For “Mature” Viewers Only
We live amidst a broken world in broken bodies with broken souls. One need not look past the morning newspaper or an honest look at their own lives to find something in which to despair. Sadly, I know some chronologically “mature” believers who make it their life task to lament this world and its brokenness. They seemingly find no reason whatsoever to rejoice. Sure they know that God is perfectly in control and has only their best interests in mind, but their predominate communiqué tells another story. Paul’s admonishment in Philippians 4:8 apparently does not apply to them as they see only the false, ignoble, wrong, impure, unlovely, et al. Nevertheless, Scripture admonishes every believer to “Rejoice in the Lord always!” (Philippians 4:4). Exactly how do we do that without employing a serious dose of denial?
Throughout his letter to the Philippians, Paul has inserted the theme of joy. He prays with joy (1:4-5), is intent on dying with joy (2:17-18), and lives with joy in the Lord (3:1). Given that biblical joy is an inner conviction that God is in control of all circumstances (as well as evidence of the Spirit’s presence in us; see Galatians 5:22; Romans 14:17), there is never a time when believers should question God’s care for us, theoretically that is. Of course, when we do question the care of God our joy is the first thing to go. To have joy is, therefore, to have faith since joy is an expression of confidence in God’s loving control over everything. The alternative to God’s control over everything is that life is ultimately meaningless, history is going nowhere, and hope is just psychological maneuvering through this broken world! Interestingly, Carson rightly notes the theological short-sightedness of believers when he writes that “In one sense, this injunction [to rejoice always] is so self-evidently right that it is embarrassing that we should have to be reminded of it” (Carson, Basics for Believers, p. 104).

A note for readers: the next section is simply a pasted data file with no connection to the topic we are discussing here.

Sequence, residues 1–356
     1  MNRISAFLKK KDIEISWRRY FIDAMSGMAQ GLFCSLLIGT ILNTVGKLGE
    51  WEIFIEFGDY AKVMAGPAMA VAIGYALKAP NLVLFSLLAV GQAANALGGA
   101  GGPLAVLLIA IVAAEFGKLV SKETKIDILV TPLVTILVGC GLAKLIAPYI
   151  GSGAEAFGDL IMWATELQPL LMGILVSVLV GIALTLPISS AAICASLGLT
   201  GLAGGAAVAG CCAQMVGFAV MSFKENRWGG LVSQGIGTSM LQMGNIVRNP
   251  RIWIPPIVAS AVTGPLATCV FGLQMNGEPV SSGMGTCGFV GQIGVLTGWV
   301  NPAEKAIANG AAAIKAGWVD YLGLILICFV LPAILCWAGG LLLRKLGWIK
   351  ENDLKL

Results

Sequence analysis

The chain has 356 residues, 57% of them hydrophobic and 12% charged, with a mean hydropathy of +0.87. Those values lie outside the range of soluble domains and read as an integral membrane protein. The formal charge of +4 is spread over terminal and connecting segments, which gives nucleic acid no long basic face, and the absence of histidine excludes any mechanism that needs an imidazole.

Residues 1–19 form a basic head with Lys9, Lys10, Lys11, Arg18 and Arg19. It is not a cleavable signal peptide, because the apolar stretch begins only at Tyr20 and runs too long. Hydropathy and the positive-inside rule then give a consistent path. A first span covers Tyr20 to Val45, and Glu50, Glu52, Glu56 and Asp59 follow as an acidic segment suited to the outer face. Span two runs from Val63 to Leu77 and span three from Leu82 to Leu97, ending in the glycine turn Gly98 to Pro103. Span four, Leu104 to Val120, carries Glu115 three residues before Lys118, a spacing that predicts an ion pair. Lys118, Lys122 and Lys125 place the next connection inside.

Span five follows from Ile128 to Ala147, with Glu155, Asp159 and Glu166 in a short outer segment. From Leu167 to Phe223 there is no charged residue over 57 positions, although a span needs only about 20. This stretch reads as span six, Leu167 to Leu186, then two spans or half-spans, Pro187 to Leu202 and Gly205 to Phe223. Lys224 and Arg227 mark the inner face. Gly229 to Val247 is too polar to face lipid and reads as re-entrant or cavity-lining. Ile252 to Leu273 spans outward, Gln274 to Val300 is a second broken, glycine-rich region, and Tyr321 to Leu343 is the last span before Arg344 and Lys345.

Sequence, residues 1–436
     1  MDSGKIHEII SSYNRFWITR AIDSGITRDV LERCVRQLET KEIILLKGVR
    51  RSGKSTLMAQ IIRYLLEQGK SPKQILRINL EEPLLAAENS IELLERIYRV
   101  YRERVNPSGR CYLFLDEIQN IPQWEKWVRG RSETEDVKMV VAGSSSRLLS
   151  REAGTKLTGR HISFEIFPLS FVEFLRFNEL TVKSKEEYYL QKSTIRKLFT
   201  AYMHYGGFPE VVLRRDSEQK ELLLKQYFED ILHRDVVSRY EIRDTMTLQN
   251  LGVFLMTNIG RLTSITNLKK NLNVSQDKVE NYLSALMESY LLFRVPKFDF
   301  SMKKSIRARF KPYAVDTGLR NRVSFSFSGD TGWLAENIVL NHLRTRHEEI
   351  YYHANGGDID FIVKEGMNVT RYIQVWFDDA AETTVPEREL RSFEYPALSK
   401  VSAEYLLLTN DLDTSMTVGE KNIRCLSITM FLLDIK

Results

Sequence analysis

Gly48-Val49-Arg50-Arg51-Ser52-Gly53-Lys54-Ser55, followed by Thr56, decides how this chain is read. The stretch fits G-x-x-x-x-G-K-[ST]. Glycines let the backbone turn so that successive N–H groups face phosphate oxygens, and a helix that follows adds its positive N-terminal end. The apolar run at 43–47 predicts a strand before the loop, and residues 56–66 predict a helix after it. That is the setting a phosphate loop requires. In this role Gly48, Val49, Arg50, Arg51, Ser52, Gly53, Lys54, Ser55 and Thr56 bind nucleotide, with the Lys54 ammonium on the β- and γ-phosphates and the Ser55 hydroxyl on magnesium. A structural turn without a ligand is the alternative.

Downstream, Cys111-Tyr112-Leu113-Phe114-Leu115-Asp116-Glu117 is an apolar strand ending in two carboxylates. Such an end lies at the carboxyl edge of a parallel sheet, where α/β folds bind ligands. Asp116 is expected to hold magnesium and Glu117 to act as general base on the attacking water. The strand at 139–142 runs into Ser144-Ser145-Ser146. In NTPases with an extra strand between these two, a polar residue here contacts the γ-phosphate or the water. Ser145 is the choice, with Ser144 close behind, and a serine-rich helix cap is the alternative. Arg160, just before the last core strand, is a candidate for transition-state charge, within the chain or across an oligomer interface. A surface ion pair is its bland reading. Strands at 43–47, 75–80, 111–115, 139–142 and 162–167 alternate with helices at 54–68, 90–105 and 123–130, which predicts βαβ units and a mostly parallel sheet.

Certainly, the beginning of believers’ joy is knowing sins are forgiven once and for all and that heaven awaits (1 Peter 1:8-9). But, it does not end there. Paul calls on the Philippians (and us) to rejoice now. After all, he did so while under arrest, imprisoned, and possibly facing death! Although our joy should not be derived from our circumstances, there is a sense in which we can and must find joy in our circumstances because “we know that in [not “from”] all things God works for the good of those who love him” (Romans 8:28). God does not merely step in ad hoc and fix our difficulties; he’s present in them to bring about only that which is good in the end. With this mindset how can we not find God’s strength and proclaim with Nehemiah “the joy of the LORD is your strength” (8:10)? Thus, joy for the mature is directly bound to faith in God’s meticulous sovereignty over all things (Matthew 10:29-31).
While we will fall short of rejoicing always when times are tough, we are clearly commanded to do so. How do we obey this command when it’s so very difficult to do so? My only thought is to pray after Augustine’s prayer, “Lord, command what you will, but give what you command.”
When are we to rejoice? “Always!” How long are we to rejoice? “Always!” Here there is no blind optimism, but a deep sense that God is “always” there for us to rejoice in Him, despite our lot in life. In joy the mature come face to face with the blessed future just as did the Lord Jesus Christ “who for the joy set before him endured the cross” (Heb. 12:1)! In joy the mature find healthy and wholesome living. In joy the mature find wellness of soul.
Be still, my soul; the Lord is on thy side;
Bear patiently the cross of grief or pain;
Leave to thy God to order and provide;
In every change He faithful will remain.
Be still, my soul: thy best, thy heav’nly Friend
Thro’ thorny ways leads to a joyful end.
— Katharina von Schlege, 1752